By Ali Imran
CHICAGO, May 19 : President Asif Ali Zardari began a three-day visit to Chicago, during which he will attend the NATO summit and meet with world leaders on bilateral and regional issues, particularly solution to the Afghan war.
A meeting is being scheduled between President Zardari and NATO Secretary General Anders Fogh Rasmussen, who had extended an unconditional invitation to Pakistan for the summit.
Ahead of President Zardari’ s arrival in the third largest American city, NATO chief sought Pakistan’s positive role toward the goal of a stable Afghanistan.
Foreign Minister Hina Rabbani Khar and Foreign Secretary Jalil Abbas Jilani are part of the delegation and will assist the President during the summit.
Currently, Pakistan and the United States are debating details of a possible agreement that would allow resumption of NATO supplies through Pakistani roads into landlocked Afghanistan
The bilateral engagements on the margins of the May 20-21 summit, scheduled so far, also include President Zardari’s meetings with President of Turkey Abdullah Gul, President of Afghanistan Hamid Karzai and Australian Prime Minister Julia Gillard.
President Zardari will brief world leaders about Islamabad’s position on peace and security efforts in the region and the way out of lingering Afghan conflict. Pakistan advocates a political solution to the Afghan conflict.
The US-led NATO sees Pakistan as vital to successful outcome of the Afghan war since it relies on Pakistani counterterrorism cooperation along the Afghan border and also uses the South Asian country’s routes for transportation of supplies into landlocked Afghanistan.
Pakistan closed the NATO supply routes after the deadly US war planes strikes on Salala border posts November last year that killed 24 Pakistani soldiers, plunging the bilateral relations into a crisis.
The two sides have been negotiating new terms of engagement including an agreement on restoration of supply lines for several weeks.
On the eve of the summit, Ambassador Sherry Rehman spelled out Islamabad’s position on various issues including the November 26, 2011 cross-border strikes. She told CNN in an interview that Pakistan has always had a role in the region and the alliance’s summit presented an opportunity to redefine it.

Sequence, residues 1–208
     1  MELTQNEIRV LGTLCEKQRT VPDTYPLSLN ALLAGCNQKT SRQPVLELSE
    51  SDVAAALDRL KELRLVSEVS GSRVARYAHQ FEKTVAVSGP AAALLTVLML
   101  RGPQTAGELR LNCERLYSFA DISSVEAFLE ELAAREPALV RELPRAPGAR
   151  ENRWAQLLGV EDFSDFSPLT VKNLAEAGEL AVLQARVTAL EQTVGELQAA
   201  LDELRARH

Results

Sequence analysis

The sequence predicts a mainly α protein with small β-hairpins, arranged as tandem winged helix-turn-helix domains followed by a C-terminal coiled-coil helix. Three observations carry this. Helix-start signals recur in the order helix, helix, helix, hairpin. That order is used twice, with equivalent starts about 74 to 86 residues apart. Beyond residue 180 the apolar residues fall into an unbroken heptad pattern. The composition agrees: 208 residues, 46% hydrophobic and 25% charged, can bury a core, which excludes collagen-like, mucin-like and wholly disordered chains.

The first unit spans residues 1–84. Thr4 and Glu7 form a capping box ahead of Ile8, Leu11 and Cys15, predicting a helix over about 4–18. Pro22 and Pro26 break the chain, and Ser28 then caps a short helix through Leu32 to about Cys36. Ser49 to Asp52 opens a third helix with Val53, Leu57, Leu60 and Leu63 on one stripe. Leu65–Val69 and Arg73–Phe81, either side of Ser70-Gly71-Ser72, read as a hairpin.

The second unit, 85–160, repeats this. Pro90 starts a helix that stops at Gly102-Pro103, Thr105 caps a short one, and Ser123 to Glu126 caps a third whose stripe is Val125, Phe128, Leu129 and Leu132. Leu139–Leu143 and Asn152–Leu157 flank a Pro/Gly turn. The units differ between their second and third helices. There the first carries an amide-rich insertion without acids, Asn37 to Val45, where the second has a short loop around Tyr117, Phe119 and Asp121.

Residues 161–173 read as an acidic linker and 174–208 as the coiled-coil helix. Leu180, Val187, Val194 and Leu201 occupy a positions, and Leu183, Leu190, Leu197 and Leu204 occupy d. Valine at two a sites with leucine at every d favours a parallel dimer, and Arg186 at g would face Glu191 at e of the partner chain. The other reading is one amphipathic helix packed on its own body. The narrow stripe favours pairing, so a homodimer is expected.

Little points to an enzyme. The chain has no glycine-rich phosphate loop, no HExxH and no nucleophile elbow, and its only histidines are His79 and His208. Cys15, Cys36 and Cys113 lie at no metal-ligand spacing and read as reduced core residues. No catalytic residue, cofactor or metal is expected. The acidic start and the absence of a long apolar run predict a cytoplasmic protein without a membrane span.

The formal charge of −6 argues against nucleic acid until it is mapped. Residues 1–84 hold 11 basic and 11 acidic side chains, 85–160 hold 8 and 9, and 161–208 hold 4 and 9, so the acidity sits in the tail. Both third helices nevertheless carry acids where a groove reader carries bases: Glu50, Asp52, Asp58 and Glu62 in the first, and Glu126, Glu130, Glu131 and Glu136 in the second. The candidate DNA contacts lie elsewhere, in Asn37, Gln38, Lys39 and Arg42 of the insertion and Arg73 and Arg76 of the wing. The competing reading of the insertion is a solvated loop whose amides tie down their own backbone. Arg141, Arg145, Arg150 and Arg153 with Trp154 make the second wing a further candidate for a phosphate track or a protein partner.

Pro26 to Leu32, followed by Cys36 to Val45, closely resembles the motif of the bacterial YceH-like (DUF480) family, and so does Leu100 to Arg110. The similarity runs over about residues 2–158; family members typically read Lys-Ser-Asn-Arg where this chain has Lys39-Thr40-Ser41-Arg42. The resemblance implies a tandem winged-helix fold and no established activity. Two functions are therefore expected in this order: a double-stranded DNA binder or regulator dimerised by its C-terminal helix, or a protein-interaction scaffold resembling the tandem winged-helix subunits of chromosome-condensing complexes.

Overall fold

“This unconditional invitation to Pakistan is a very positive development. We don’t want interference in Afghanistan, but want to support peaceful security transition, which can also bring stability in Pakistan”, she said.
Meanwhile, according to American and NATO officials, the future of Afghanistan will be a centerpiece of the Sunday-Monday NATO Summit in the backdrop of concern that some of the countries in NATO’s International Security Assistance Force in Afghanistan are not enthused about being part of a major commitment beyond 2014, when NATO ends its combat role and transfer full security responsibility to Kabul
Officials estimate that it will cost $4.1 billion annually to sustain the Afghan Security Force of 350,000 beyond year 2014. The U.S. is looking for pledges from allies to come up with about $1.3 billion each year; the Afghan government would throw in $500 million and the U.S. would pay the rest
“That was a serious mistake and we will not repeat that mistake. We can’t afford to repeat that mistake.” he added, while pressing allies to contribute to the effort.
Leaders of around 60 countries and organizations will attend the NATO summit in President Barack Obama’s hometown.
Meanwhile, protests over several issues are expected near the site of the NATO summit here this weekend.
Sources: MGCT, NATO, Pakistan Embassy
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